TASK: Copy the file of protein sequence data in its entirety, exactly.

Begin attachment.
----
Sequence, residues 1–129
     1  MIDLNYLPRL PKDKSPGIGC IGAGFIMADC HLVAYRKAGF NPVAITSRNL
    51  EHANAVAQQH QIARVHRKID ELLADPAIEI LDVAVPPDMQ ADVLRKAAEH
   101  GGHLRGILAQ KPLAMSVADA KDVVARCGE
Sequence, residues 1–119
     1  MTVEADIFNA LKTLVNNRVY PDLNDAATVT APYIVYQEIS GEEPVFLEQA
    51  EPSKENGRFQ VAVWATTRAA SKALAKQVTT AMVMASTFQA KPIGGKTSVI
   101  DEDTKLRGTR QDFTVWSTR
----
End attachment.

Sequence, residues 1–129
     1  MIDLNYLPRL PKDKSPGIGC IGAGFIMADC HLVAYRKAGF NPVAITSRNL
    51  EHANAVAQQH QIARVHRKID ELLADPAIEI LDVAVPPDMQ ADVLRKAAEH
   101  GGHLRGILAQ KPLAMSVADA KDVVARCGE
Sequence, residues 1–119
     1  MTVEADIFNA LKTLVNNRVY PDLNDAATVT APYIVYQEIS GEEPVFLEQA
    51  EPSKENGRFQ VAVWATTRAA SKALAKQVTT AMVMASTFQA KPIGGKTSVI
   101  DEDTKLRGTR QDFTVWSTR